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X > 0, but why doesn't 1/x > 0?

  1. Mar 13, 2015 #1
    If a > b, where a > 0 and b > 0, then 1/a < 1/b.

    But what if b = 0? For example, if x > 0, meaning if x is a positive number, then it should be that 1/x > 0.

    Yes, yes, I know I would be dividing by 0, but it doesn't make sense intuitively. If x is a positive number, then obviously 1/x is a positive number. So it should be that 1/x > 0.

    Can somebody explain what is going on here?

    Thank you.
     
  2. jcsd
  3. Mar 13, 2015 #2

    Simon Bridge

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    You have the answer yourself, 1/0 is "undefined" for a reason.

    ... well 1/0 makes no sense at all. If you intuitively expect it to then your intuition is wrong.

    To make sense of things, you have to ask, instead, what happens to 1/x when x approaches zero trough positive reals... i.e. for that case that b is arbitrarily small.
    Try that.
     
  4. Mar 13, 2015 #3
    If x approaches 0 from the right, then 1/x will become arbitrarily (positively) large, which is definitely still greater than 0. Hm... I still don't see what could be wrong.

    Before I posted, I Googled "inequality properties" and I found a popular school study guide called "Sparknotes", which has a reputation for being inaccurate. However, on their page on inequalities:

    http://www.sparknotes.com/math/algebra1/inequalities/section2.rhtml

    , they mention that if a > 0, then 1/a > 0 (see the attached screenshot from the page). Is this wrong too? Well, it wouldn't be a surprise if it was.

    Thank you.
     

    Attached Files:

  5. Mar 13, 2015 #4

    SteamKing

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    Well, run a test. If a = 2, then is a > 0? What about 1/2? Is 1/2 > 0? These are trivial cases which show that if a > 0, then 1/a > 0.
     
  6. Mar 13, 2015 #5

    symbolipoint

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    Approaching a value and equality to a value are different things.
     
  7. Mar 13, 2015 #6

    Simon Bridge

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    There's nothing wrong with that statement.

    No. That is correct.
    I don't see how you would have thought that may be wrong and it is simple to check as SteamKing suggests.

    The rule you started with, 1/a < 1/b : a>b>0, simply does not apply for b=0, just like it does not apply for a=b or or a<b.
    Further, "1/a > 0" only holds for a>0 and "1/a" is undefined for a=0.

    So what is the problem?
     
  8. Mar 13, 2015 #7
    Oh, well, there is nothing wrong, then. I thought that rule was wrong because if x > 0, then dividing 1 by both sides of the inequality yields 1/x > 1/0. My concern was that 1/0 is not defined. There is clearly something wrong with the algebra, but what is wrong?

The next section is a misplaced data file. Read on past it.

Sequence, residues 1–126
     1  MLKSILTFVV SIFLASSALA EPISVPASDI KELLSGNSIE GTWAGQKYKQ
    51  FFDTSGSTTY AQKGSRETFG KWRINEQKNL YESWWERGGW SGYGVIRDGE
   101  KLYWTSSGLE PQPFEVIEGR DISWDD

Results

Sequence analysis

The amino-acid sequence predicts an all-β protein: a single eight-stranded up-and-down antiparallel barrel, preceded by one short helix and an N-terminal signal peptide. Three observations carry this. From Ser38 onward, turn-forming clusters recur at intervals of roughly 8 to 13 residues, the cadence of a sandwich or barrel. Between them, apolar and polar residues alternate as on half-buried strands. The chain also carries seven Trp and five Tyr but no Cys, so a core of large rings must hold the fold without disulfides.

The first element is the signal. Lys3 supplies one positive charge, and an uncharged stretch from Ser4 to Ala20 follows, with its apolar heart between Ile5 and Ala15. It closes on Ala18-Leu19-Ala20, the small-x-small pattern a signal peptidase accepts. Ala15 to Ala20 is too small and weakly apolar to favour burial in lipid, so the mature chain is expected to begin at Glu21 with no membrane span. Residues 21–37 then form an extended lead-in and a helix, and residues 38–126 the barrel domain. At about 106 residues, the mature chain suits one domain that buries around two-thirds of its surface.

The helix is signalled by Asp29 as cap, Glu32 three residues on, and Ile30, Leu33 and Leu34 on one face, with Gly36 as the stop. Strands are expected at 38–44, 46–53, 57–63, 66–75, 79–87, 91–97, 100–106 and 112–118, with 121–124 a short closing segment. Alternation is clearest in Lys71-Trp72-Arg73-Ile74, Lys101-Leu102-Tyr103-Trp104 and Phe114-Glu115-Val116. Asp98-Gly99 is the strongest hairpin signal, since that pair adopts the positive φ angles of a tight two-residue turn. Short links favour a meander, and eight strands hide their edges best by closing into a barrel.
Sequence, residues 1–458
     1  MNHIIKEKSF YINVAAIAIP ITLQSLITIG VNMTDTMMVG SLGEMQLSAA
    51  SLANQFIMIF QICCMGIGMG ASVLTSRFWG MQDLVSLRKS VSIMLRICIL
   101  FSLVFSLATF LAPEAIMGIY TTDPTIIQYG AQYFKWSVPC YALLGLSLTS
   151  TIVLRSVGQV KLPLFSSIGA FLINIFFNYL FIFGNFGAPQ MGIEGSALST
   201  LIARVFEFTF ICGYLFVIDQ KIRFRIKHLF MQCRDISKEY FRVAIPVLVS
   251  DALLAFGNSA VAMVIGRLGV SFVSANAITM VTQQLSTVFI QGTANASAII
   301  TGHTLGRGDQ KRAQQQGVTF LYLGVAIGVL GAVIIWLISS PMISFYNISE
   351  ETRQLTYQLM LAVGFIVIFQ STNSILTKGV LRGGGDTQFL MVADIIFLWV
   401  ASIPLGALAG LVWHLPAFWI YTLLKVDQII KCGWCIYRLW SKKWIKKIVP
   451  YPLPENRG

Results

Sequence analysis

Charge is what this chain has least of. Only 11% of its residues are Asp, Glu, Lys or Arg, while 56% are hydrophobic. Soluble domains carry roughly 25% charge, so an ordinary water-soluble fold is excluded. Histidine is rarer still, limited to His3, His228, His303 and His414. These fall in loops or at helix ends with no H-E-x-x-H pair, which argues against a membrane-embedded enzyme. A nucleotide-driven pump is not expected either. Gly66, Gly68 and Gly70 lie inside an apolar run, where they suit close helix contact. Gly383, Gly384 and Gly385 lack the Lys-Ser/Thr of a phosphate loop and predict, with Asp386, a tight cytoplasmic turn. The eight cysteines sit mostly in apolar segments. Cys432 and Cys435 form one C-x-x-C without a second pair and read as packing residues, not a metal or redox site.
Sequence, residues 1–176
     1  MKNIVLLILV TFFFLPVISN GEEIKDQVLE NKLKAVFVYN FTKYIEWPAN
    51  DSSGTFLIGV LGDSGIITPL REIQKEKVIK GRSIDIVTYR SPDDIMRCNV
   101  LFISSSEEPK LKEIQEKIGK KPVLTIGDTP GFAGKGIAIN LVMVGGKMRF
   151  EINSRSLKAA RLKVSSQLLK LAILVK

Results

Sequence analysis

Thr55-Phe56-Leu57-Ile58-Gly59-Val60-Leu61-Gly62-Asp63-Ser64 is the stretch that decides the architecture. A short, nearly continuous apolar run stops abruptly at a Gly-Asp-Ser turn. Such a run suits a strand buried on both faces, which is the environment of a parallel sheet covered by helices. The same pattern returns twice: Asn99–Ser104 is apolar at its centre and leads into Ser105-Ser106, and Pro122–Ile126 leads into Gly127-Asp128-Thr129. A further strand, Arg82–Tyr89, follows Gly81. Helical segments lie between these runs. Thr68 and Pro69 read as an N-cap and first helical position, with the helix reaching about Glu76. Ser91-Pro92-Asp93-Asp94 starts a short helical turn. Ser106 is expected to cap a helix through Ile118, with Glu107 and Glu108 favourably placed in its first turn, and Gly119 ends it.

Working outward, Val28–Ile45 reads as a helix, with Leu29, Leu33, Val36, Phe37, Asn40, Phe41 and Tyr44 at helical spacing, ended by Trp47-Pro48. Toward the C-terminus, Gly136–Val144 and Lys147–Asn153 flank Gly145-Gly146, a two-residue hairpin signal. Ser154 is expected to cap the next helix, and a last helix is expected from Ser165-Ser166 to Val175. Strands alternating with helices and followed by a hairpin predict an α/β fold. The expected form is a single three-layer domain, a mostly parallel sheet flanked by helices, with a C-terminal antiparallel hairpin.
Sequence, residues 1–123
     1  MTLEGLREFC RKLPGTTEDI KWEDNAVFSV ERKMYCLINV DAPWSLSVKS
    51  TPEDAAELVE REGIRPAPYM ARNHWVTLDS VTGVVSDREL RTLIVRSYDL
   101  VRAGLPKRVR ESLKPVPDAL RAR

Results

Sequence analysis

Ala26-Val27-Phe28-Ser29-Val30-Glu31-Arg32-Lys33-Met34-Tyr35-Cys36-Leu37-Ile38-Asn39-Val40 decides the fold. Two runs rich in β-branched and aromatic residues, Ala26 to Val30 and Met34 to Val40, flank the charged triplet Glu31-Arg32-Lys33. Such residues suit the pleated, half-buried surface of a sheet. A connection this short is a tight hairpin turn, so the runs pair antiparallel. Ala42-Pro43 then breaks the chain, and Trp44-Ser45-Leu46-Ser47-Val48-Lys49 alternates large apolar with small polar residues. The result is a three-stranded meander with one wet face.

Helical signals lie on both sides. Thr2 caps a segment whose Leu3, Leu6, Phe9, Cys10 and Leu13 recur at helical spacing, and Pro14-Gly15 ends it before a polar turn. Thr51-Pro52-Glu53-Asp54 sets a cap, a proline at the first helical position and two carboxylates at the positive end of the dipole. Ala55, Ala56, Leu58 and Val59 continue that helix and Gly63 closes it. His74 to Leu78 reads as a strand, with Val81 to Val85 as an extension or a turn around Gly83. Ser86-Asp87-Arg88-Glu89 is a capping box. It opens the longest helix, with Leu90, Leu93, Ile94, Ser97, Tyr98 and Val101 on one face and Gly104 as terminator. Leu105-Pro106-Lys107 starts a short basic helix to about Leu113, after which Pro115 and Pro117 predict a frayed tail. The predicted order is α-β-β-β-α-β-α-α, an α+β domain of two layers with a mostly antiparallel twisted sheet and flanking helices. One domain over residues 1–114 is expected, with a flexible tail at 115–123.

Thank you.
     
  9. Mar 13, 2015 #8

    Simon Bridge

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    If I follow you, you are asking if: $$\frac{1}{a>b} = \frac{1}{a} > \frac{1}{b}$$ is proper algebra?
     
  10. Mar 13, 2015 #9
    Rather, something like this:

    If a ≠ 0 and b ≠ 0, then if a = b, then 1/a = 1/b.

    Well, I'm probably not using the inequality sign correctly and trying to use equality rules for the "greater than" sign. But basically, if x > 0, then a "=" x, and b "=" 0, and using the algebra "rule" above, if x > 0, then 1/x > 1/0, which is incorrect.
     
  11. Mar 13, 2015 #10

    Simon Bridge

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    Certainly a sequence of statements that is true for an equality need not be true for an inequality.

    However, I am having trouble figuring out what you are talking about.
    ... this would be a description of some algebra - but a vague description.
    "Divide 1 by both sides of the inequality" does not make mathematical sense, so I suspect this is where you have erred.
    Can you show a series of algebraic steps that start with x>0 and end with 1/x > 1/0 ?
    After all: if the former is true then the latter is false.

    i.e. what is it that is wrong?
     
  12. Mar 13, 2015 #11
    ##a>b##, then multiply both sides by ##1/ab## (with ##a,b>0##) and obtain ##1/b>1/a##

    ##x>0##, then mutliply both sides by ##1/x^2## and obtain ##1/x>0##
     
  13. Mar 13, 2015 #12

    Simon Bridge

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    @FredericChopin: soarce's post is the kind of thing I was trying to get you to do.
    Does that help?
     
  14. Mar 13, 2015 #13

    symbolipoint

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    Why the continued confusion? Approaching and Equaling are not the same.
     
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